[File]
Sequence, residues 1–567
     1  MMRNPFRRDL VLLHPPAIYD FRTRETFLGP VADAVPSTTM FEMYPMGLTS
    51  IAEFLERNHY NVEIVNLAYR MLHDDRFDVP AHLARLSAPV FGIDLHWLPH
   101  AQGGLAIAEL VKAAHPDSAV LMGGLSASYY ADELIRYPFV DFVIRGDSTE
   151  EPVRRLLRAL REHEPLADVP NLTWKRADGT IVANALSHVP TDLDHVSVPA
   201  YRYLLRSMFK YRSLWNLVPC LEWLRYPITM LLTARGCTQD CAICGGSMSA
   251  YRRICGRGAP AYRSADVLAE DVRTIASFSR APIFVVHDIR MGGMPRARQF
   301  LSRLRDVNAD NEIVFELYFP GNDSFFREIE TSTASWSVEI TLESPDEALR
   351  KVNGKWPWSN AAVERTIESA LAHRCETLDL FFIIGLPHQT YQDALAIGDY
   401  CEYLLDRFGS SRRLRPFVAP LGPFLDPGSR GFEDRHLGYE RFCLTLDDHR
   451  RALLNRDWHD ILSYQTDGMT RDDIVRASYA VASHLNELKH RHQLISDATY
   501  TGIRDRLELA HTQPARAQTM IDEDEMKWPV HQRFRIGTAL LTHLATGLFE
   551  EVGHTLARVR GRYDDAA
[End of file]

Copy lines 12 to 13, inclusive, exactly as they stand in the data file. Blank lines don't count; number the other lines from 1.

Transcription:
   501  TGIRDRLELA HTQPARAQTM IDEDEMKWPV HQRFRIGTAL LTHLATGLFE
   551  EVGHTLARVR GRYDDAA